Bus driver shortages are being felt across the Cape & Islands. Nantucket sporting events were postponed last year due to the inability of Cape schools to find available drivers. This year, the crisis is being felt even harder on the island, prompting superintendent Beth Hallett to tell the school committee on Tuesday that conversations need to be had to combat this issue such as possibly changing the start and end times of school days.
“We have three drivers who are certified to drive the large buses,” Hallett said. “Cape Cod Collaborative (an organization that provides instructional and support services) has tried really hard to fill these positions.”
Hallett said they have a fourth driver currently in training, but they will not be available until mid-October.
“In the meanwhile, we must make do with three drivers and three buses, which means double runs, combined routes, and in some cases long school bus rides for our students. We have really left no stone unturned. We have been working all summerlong with Cape Cod Collaborative trying to figure out what to do. We have to seriously consider a solution for next year. I hope to start the conversation and get some input and feedback around possibly staggering our start times. The bus driver shortage is not going to go away so we are going to have to make some adjustments.”
Hallett said changing the start and end times for school days was not an option for the schools this year because they needed more time to give advanced notice to families, rather than throw that change onto them in the summer just months or weeks before the school year was slated to begin.
“I do hope we can all continue to be as patient as possible with the limitations we find ourselves in and hopefully by mid-October we will have that fourth person and that will lighten the load and reduce the extra runs and longer routes,” she said.
Hallett said the change could be as small as a half-hour. She said there are many variables that come into play that need to be considered such as older siblings in the school system who take care of younger siblings before and/or after school, traffic patterns, bus routes, and sports.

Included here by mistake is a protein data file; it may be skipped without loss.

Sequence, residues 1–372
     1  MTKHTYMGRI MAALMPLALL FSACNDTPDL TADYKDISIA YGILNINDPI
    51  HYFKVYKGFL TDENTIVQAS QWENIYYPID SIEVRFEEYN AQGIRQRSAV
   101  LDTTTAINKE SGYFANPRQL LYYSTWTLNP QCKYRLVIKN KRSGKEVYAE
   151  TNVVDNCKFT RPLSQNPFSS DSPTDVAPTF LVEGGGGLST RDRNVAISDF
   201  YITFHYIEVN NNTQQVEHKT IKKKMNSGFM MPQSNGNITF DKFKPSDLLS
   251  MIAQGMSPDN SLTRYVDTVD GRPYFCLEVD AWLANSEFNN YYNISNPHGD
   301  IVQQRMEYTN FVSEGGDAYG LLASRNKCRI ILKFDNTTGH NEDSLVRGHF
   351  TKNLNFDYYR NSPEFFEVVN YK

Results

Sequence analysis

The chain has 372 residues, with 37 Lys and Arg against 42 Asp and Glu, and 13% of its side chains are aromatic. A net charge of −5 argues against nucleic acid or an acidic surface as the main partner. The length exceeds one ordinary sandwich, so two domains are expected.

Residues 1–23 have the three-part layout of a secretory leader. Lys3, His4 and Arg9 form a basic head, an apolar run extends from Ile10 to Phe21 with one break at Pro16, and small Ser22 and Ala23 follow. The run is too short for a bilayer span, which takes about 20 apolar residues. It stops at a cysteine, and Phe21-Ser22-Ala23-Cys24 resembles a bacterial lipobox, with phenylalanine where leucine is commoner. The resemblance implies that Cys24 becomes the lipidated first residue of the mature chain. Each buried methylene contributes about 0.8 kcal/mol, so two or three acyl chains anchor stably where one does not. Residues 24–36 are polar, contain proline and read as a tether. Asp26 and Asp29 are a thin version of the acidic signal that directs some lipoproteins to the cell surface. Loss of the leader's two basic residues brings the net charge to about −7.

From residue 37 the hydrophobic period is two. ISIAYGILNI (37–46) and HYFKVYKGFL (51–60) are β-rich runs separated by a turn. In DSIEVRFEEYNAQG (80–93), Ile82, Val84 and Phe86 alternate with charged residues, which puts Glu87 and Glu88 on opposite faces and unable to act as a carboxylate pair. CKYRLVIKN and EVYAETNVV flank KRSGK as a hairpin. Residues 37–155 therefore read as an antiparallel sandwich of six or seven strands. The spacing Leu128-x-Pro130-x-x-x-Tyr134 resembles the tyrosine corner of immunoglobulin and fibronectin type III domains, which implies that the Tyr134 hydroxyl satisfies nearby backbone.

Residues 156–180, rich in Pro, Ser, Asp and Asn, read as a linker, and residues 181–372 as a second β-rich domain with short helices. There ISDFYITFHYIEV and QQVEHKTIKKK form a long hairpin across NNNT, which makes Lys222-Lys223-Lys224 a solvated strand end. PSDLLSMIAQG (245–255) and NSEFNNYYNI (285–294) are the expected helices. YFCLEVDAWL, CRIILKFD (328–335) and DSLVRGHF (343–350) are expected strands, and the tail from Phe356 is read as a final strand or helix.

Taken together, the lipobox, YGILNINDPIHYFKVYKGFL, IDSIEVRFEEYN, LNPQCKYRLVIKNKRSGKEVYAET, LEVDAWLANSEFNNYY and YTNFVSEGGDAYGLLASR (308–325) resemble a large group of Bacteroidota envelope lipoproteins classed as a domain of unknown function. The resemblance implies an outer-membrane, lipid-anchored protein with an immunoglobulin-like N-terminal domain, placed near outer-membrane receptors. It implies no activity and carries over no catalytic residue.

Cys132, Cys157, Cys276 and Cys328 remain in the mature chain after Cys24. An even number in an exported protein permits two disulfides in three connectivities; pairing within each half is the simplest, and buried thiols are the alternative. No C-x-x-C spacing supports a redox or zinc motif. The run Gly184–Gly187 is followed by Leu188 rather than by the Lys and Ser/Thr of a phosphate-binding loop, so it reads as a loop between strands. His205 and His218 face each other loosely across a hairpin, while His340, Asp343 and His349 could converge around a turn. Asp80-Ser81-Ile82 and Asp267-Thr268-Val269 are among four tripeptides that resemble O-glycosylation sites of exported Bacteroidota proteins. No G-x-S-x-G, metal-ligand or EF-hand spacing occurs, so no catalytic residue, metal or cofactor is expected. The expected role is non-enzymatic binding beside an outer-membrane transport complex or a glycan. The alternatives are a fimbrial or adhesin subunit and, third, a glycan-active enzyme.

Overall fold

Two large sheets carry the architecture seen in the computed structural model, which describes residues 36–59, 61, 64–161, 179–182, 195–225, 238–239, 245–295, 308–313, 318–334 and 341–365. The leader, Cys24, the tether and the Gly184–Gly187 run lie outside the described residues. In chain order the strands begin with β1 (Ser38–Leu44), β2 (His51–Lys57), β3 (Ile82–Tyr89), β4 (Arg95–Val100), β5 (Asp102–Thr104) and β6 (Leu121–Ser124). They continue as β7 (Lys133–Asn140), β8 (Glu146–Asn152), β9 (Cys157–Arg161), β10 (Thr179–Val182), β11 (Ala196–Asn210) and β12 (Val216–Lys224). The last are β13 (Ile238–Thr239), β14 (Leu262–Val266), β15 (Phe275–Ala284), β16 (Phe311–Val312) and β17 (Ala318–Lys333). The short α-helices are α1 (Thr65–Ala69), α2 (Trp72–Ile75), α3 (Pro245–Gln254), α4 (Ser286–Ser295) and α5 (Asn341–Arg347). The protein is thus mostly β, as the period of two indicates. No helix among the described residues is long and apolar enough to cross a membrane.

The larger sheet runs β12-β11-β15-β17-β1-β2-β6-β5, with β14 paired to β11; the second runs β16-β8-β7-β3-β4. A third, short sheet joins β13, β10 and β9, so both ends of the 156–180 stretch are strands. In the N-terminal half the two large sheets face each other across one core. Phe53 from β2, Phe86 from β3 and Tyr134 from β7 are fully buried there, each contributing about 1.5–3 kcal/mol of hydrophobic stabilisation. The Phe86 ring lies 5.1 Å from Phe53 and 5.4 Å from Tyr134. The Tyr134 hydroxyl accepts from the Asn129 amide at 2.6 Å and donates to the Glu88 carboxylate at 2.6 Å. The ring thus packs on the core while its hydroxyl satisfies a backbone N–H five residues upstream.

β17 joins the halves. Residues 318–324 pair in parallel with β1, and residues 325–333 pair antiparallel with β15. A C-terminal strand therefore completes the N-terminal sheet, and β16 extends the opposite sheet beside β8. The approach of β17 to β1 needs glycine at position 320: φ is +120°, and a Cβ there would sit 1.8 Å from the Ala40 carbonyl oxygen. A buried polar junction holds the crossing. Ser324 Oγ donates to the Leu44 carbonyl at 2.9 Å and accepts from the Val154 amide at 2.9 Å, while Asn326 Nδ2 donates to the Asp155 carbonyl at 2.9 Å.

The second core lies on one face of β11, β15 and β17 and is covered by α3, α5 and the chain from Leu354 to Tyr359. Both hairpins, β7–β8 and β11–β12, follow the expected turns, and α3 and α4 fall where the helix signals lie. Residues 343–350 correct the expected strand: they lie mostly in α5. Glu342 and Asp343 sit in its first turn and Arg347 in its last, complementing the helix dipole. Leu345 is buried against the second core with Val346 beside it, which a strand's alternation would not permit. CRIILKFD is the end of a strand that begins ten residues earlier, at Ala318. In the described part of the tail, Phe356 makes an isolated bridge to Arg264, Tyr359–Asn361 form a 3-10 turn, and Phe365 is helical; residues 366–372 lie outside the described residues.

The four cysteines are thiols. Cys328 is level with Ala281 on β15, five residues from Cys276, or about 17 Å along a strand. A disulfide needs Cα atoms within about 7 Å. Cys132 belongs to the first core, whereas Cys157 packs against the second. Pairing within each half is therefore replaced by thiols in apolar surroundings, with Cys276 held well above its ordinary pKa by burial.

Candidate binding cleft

“If we don’t have the conversation and we don’t start it then we will never know. We are going to need to have an advisory group and a steering committee to talk about that with people from the community, parents, us as well,” she said.
Committee member Laura Gallagher, Nantucket’s representative to the CCC, said the island is in “the worst and dire straits” with this driver shortage but confirmed this is an issue plaguing many other school districts.
Hallett said they have had people on island with a commercial driver’s license express an interest in becoming a bus driver, but Hallett said it takes 60 hours of practicum work and a passed driving test to be certified to transfer people. The state specifically requires 32 hours behind the wheel and 28 hours in the classroom.
These drivers haven’t received these certifications, and the path to getting it on Nantucket is particularly difficult as well.
“Here on the island, we don’t have a training location so the Department of Motor Vehicles doesn’t have a location to test or do training here on the island,” Hallett said. “Any drivers that might be interested are expected to go off island to do that training.”
She added that they do provide space for the classroom training, which is what they did with this fourth driver expected to begin next month. The CCC sent a trainer over to the island to teach the course.
“The actual driving hours and practicum piece they will have to do in Hyannis or another location on the Cape,” Hallett said.
If you have an interest in becoming a bus driver for the Nantucket Public Schools, you can apply by following this link, filling out the form, and sending it to the address listed at the bottom of the document.